According to press reports SCHUFA, Germany’s largest consumer credit information supplier plans to use information it gathers online, including information from individual social media such as Facebook and others, in its analysis of an individual’s creditworthiness. SCHUFA, plans to use Social Media data to study a person’s relationships in determining how that might affect their ability to pay their bills, the German broadcaster NDR reported last week, citing confidential internal documents.
The facts are that this was to be a legitimate research project. It was transparent and not secret as the press had implied and most importantly it was quite remote from an actual plan. SCHUFA’s academic partner, the Hasso Plattner Institute, at the University of Potsdam was to research what kind of data can be ‘safely and responsibly’ sourced from the Internet, data which has been placed there voluntarily and intentionally by someone to be seen by others. The second objective was to find out whether some conclusions can be extracted from the data.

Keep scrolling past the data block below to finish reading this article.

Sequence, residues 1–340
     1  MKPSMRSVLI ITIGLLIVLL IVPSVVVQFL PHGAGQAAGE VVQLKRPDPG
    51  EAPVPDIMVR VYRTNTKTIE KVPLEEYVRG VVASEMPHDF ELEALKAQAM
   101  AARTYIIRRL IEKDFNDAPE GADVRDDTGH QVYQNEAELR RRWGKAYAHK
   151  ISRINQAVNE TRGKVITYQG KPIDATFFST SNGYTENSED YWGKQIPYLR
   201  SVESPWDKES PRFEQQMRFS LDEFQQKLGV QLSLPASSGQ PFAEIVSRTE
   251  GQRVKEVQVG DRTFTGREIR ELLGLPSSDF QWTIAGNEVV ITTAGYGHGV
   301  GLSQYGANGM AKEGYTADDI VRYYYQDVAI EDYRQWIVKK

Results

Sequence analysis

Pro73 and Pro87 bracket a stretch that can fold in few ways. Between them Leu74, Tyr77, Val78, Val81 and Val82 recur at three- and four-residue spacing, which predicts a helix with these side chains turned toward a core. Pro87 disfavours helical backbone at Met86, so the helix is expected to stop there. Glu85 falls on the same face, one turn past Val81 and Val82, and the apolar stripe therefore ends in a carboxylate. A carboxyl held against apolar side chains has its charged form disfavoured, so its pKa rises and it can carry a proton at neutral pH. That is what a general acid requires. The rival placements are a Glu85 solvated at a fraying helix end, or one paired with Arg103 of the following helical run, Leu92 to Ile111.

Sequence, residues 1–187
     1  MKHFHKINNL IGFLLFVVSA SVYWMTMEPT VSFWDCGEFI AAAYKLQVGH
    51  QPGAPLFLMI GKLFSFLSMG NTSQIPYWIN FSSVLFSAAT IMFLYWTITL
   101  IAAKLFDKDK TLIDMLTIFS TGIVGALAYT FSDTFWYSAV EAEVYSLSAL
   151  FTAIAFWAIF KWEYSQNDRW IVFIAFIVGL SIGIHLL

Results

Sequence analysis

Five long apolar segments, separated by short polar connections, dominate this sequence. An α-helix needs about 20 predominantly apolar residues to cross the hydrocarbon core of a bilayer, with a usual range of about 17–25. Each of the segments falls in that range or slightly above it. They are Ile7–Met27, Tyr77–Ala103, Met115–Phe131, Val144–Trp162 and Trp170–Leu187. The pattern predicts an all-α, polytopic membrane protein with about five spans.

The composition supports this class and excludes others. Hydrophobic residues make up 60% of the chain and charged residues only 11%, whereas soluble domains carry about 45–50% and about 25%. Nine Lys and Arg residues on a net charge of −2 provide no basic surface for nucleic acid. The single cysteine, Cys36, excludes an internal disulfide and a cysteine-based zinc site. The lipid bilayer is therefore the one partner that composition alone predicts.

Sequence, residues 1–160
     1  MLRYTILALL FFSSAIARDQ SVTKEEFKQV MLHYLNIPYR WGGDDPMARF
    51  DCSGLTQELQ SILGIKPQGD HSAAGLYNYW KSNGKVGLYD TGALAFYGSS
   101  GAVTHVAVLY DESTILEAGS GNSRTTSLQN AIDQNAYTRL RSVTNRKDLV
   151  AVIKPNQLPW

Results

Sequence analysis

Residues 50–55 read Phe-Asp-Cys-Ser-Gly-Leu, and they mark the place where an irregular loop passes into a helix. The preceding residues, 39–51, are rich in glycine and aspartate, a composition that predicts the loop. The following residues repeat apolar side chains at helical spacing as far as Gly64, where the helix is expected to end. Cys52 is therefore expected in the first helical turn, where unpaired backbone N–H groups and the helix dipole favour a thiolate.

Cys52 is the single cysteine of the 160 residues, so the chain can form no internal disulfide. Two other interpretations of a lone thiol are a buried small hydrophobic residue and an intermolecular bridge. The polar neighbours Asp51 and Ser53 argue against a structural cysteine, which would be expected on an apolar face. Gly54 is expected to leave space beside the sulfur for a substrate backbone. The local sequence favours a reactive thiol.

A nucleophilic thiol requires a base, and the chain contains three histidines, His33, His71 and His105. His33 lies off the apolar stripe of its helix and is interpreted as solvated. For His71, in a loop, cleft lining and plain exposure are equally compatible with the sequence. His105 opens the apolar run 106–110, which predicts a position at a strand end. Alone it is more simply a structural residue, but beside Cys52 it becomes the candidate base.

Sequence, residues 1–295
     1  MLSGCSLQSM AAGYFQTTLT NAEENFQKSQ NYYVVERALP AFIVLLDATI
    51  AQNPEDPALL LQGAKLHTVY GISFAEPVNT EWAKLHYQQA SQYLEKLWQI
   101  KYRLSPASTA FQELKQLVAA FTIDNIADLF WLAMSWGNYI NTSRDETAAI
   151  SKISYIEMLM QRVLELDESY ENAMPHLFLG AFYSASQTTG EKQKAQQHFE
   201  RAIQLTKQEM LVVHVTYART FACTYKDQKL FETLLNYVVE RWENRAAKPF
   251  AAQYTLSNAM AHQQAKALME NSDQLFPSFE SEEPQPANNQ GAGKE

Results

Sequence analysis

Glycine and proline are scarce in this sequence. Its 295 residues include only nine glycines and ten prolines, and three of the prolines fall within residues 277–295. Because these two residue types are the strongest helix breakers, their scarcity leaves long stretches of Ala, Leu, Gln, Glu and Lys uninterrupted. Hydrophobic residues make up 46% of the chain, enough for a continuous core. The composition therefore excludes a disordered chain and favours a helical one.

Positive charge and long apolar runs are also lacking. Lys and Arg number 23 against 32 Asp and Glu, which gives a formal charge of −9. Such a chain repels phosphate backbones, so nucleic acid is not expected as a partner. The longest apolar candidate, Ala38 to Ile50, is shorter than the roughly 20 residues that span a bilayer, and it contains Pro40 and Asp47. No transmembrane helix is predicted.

BIIA sees nothing evil in doing research. It is better to do conduct responsible research rather than venturing into irresponsible experimentation which is already underway in other parts of the world. The sad part is that a legitimate research project was turned into a hot potato with the two parties involved dropping project in haste. Even sadder is the part played by the Hasso Plattner Institute which did not defend its right to conduct academic research of its own choosing. When it comes to researching new business concepts German businesses often turn to academic institutions. That is good practice and the Germans are usually very good in using academic / business partnerships. SCHUFA is not alone in this.